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on 24 December 2003
Being a big curling fan, I had to see this movie the day it came out, and I was not disappointed. I thought the swearing was a bit crude on the first viewing, but when I watched it a second time it didn't bother me. You don't have to be very knowledgable about curling to enjoy the movie, and I don't think you have to be Canadian to understand the humour, but a few of the little in-jokes might be lost... like the "Hinterland Who's Who" segment playing on the TV in the bar. ;)
Best moments:
Peter Outerbridge shines as James Lennox. The humour is great and quirky, and the friendship between the characters is nice. This is one of the best Leslie Nielson roles I've seen in a long time, where he got the chance to be funny, but wasn't slapstick to the point of being utterly stupid. Besides, you have to love a movie with a cameo by The Tragically Hip.
Downfalls:
It's a bit rough around the edges at times, and I still don't see the point of Michelle Nolden's character (Julie Foley, the astronaut) at all.
Overall, it's worth watching, and the soundtrack is great.
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on 31 January 2012
As an admirer of several of the actors and off the wall comedy, I can only say this is really disappointing. It was slow and laughs of any kind were thinly spread - the makers should have made their minds up whether to create a comedy with really black humour and or slapstick - this falls down the hole somewhere. It's a shame,as the cast and the story had the potential - but there you go, you can't win them all!
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on 30 August 2012
I wasn't sure if this would be any good but I was quite surprised that it was. There are some really funny moments in it and it manages to hold your attention from the start to the end with ease. The story follows a group of friends who reunite and enter the local curling tournament to try and win the Golden Broom as it was the last wish of their deceased coach (whose ashes are placed in one of the curling weights). After a humiliating defeat they realise that they are out of shape and seek the help of a retired curling champion (Leslie Nielsen) to whip them back into shape. All the characters go on their own little emotional journeys throughout the film from love and family to cheating and alcoholism. It arrived within the estimated delivery date. All in all 4/5.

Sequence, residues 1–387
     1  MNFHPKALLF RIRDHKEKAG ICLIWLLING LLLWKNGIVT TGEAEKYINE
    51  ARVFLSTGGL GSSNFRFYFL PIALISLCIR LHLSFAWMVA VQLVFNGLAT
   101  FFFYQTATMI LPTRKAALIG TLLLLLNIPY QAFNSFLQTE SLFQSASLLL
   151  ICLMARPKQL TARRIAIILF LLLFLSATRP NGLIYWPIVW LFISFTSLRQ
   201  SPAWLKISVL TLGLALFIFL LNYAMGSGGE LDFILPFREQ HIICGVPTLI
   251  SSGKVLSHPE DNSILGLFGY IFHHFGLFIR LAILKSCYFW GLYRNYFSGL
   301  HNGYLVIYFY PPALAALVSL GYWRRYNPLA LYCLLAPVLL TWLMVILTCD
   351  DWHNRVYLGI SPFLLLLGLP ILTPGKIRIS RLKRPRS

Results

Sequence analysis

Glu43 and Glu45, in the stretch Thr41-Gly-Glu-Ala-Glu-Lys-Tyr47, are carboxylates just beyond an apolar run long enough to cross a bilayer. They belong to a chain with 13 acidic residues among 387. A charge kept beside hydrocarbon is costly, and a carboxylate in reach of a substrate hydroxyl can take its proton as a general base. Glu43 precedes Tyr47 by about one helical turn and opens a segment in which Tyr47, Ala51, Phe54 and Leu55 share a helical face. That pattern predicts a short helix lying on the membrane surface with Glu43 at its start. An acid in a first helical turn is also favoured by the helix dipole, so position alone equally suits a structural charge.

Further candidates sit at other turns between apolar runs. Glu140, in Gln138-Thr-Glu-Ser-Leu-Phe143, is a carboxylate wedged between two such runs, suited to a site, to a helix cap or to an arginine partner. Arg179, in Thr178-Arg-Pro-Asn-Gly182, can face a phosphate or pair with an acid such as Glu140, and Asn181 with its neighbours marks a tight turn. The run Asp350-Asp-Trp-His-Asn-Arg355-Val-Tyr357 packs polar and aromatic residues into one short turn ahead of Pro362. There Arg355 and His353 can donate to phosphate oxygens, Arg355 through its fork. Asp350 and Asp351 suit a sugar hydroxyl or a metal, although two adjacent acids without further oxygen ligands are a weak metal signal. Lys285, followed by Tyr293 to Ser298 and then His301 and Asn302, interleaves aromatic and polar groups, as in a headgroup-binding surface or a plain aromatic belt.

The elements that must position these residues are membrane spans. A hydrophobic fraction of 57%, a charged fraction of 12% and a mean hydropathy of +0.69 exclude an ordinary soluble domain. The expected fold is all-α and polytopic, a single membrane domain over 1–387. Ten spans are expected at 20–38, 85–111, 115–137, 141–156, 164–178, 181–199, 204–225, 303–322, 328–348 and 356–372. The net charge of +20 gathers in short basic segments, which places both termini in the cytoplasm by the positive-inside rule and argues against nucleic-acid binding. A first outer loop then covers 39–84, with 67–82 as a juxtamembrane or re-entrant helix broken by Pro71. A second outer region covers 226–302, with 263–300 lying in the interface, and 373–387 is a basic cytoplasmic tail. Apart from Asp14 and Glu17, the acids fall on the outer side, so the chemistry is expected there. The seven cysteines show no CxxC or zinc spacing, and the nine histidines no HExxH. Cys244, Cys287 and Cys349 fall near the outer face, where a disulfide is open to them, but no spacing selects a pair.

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on 7 May 2011
Bought this as it was the only curling movie I'd ever seen. Leslie Nielsen and Paul Gross are the the only actors well known in the UK, perhaps the others are known in Canada? The story is fairly run-of-the-mill but the whole is actually enjoyable. An amusing feel-good movie for the off-season.
eke
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on 19 May 2009
As a Paddy, I came to this not knowing the first thing about Curling as a sport. But Gross' great performance and witty script - with a great supporting cast - and Nielson as his whacked-out-on-magic-mushrooms father equals lots of laughs and more than a few touching moments. Great comedy.
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on 14 February 2012
I loved Due South, the first series of Tales from the City and all of the wonderful Slings and Arrows. So it stands to reason that a movie written by starring and directed by the lead in all those great shows would be a real treat. Not so. This is rubbish and a waste of 98 pence.
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on 17 March 2011
I enjoyed this movie but as I am not a Canadian and do not much about curling it was not as enjoying as other sports related comedies. Still I liked the most part of it and would recommend it for all Paul Gross fans. He is as handsome as when he was Benton in Due South.